Figure 1. Toll and Imd signaling pathway
The immune response of insects includes humoral immunity and cellular immunity. Humoral immunity mainly produces antibacterial peptides from fat bodies to resist the reaction of invading pathogenic microorganisms; cellular immunity mainly kills invasive pathogenic microorganisms through the activity of immune cells, including phagocytosis, nodule and cyst. Whether it is humoral immunity or cellular immunity, the immune response includes three phases: 1) recognition of invading pathogens; 2) cascade amplification of immunostimulatory signals; 3) production of effectors or activation of cellular immune activity. Pathogenic microorganisms have special pathogen-associated ligands on the surface, which can be recognized on the surface of insect cells or secreted receptors; interactions between ligands and receptors, cascade amplification of transduction signals, and finally the generation of antimicrobial peptides, which in turn triggers phagocytosis, nodule and cyst activity. For example, an important feature of the Drosophila immune response is that fat cells can rapidly synthesize some antimicrobial peptide molecules when infected or damaged by pathogenic microorganisms. These molecules secreting into the hemolymph can kill the invading pathogenic microorganisms. In addition, weasand and epithelial cells of Drosophila can also produce antibacterial peptides, and intestinal cells and salivary gland cells can produce antibacterial proteins such as lysozyme and insect defensins. So far, thirty genes encoding antibacterial proteins have been identified in the Drosophila genome, of which eight have been identified.
During humoral immunity, the immune response of insects depends on the Toll and IMD pathways to activate NF-kB signaling by bacterial cell wall peptidoglycan (PGN) stimulation. The Toll/Dif pathway was discovered by Morisato and Anderson in the study of how the fat body cells of Drosophila were induced to express antibacterial peptides and how they were assembled and then secreted into the hemolymph. The Toll pathway is mainly responsible for the fungus and most of the gram-positive bacterium. The Imd pathway was discovered during the study of antimicrobial peptide gene expression in a recessive variant of Drosophila. Gram-negative bacteria and Bacillus usually activate the IMD pathway. Corresponding to the mammalian TNF receptor (TNFR) signaling pathway, the upstream pattern recognition receptors of Drosophila IMD proteins are PGRP-LC and PGRP-LE, and the downstream signaling molecules include dFADD, Dredd (caspase homolog), dTAK1, dIKK complexes and the precursor Relish of NF-kB. The activated Relish enters the cell nucleus and expresses a series of antimicrobial peptides.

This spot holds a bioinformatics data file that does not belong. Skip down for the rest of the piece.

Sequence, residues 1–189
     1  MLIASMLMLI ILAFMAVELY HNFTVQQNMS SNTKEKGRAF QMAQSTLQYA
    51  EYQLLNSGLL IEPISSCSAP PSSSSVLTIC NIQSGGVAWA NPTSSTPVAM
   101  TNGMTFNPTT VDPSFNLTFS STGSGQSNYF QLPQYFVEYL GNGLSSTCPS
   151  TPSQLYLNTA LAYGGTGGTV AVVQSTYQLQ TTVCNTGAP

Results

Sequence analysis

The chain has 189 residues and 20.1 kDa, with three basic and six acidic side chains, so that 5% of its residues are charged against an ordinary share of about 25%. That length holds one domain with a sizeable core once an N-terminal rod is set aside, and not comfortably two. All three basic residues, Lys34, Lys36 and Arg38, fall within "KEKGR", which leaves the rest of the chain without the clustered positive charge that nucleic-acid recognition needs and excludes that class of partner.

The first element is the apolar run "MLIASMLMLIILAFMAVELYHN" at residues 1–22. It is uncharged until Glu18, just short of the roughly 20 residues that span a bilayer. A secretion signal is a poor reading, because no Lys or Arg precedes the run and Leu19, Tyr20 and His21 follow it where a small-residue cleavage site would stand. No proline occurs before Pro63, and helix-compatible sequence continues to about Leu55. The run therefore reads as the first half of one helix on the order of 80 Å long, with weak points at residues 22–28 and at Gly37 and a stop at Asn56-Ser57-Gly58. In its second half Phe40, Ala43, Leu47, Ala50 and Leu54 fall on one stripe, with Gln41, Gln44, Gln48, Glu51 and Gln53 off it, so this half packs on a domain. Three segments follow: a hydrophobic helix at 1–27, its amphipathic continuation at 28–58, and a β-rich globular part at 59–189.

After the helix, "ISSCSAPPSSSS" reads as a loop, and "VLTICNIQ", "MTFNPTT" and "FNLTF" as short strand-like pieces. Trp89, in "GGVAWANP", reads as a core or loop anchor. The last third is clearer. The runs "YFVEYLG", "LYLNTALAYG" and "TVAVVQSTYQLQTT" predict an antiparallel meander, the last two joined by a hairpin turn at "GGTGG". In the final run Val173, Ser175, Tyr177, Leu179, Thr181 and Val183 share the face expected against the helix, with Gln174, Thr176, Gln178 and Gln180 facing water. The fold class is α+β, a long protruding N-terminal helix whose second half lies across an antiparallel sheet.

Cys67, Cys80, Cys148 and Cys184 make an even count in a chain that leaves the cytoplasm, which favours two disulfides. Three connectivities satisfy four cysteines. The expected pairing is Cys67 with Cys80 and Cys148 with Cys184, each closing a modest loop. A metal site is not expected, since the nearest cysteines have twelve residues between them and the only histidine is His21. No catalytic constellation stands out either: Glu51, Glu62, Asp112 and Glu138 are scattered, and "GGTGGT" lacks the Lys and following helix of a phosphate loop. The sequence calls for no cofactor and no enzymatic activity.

The regulation of pathway
Toll protein is the main gene product involved in the Toll pathway. It was first discovered during the study of the formation of dorsoventral polarity in the embryonic development of Drosophila. The relationship between Toll protein and immune response was later discovered. So far, nine Toll-like genes, Toll-1, Toll-3-Toll-9 and 18-wheeler (Toll-2), have been found in the Drosophila genome. These gene products contain two and a half cystine knots, causing its extracellular segment to be separated into two segments by a second cysteine knot. Among them, Toll-2 is involved in the immune response to bacteria, and Toll-1 and Toll-5 can activate the expression of the antifungal peptide genes. Studies have shown that Drosophila Toll protein belongs to type I transmembrane receptors and can recognize bacterial lipopolysaccharides (LPS), peptidoglycans (PGN), etc., and can activate intracellular signal molecules such as Tube and Pelle to activate the expression of immune genes. If the Toll receptor is stimulated by fungi, it can cause the expression of drosomycin. When the Toll receptor and its intracellular signaling molecules Tube and Pelle are defective, the synthesis of drosomycin is significantly reduced. In addition, studies have found that there are temporal differences in the expression of these genes during embryonic development of Drosophila and that activation of the Spaetzle protein is required. Activation of the Toll protein eventually activates the Rel family of transcription factors. The activation process is mediated by signal molecules Tube and Pelle and other unidentified molecules.